This is the first post in a series called “Cretaceous Cold Cases” in which the science of taphonomy, or prehistoric forensics, is explained and exemplified by fascinating cases from the files of Terry “Bucky” Gates, a research scientist with a joint appointment at NC State and the North Carolina Museum of Natural Sciences. Summer, 2001.
Sometimes, the fossil record gives us some really exciting insights into prehistoric life – including grisly details of prehistoric death. Paleontologists have found evidence not only of a new species of herbivorous, or plant-eating, dinosaur, but also that these dinosaurs were preyed upon by the prehistoric forebears of crocodiles. Seventy-five million years ago, southern Utah
Editor’s Note: This is a guest post by Jennifer Landin, a teaching assistant professor of biology at NC State who teaches a course on biological illustration. Check out why she thinks biological illustration is valuable – and some of the art created in her classroom. While other universities have biological illustration courses, as far as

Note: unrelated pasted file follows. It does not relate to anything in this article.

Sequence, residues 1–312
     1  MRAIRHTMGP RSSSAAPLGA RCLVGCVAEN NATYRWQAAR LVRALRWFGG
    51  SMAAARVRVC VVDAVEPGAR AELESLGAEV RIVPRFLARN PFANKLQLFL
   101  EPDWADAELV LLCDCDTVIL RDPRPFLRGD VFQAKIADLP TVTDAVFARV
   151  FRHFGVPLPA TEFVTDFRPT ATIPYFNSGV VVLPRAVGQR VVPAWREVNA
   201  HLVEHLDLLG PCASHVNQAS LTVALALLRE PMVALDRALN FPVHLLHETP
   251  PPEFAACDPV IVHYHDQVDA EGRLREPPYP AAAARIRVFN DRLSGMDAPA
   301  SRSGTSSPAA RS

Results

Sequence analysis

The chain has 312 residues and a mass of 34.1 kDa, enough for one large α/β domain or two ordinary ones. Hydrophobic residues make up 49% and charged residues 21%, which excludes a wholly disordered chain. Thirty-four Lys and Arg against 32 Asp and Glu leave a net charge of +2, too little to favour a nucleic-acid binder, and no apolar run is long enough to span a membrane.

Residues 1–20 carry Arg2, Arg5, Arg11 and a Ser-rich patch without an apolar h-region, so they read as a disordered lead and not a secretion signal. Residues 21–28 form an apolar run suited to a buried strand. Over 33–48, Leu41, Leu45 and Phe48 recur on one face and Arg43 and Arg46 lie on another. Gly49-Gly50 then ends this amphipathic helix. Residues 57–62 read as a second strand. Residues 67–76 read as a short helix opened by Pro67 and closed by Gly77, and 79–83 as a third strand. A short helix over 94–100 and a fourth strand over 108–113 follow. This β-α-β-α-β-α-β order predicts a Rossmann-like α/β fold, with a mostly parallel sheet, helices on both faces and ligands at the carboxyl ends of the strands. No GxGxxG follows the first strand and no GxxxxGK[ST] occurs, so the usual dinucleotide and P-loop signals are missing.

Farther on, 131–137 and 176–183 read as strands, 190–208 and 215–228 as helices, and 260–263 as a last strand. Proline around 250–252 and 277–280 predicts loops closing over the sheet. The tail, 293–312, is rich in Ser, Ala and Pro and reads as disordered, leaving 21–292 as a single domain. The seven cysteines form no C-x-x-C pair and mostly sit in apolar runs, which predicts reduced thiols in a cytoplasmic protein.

Want to know how well a dinosaur could see, hear and smell? Get inside its head! That’s what a group of researchers from the U.K. and U.S. did when they recreated the brain of a therizinosaur called Erlikosaurus andrewsi – a 10-foot-long feathered theropod that lived in what is now Mongolia during the Cretaceous period,
Thanksgiving is the only U.S. holiday that revolves entirely around food. We spend all day in the kitchen or dining room with loved ones, so it makes sense to pay special attention to food safety this time of year. Why should you care? The CDC estimates that 128,000 people were hospitalized in 2011 due to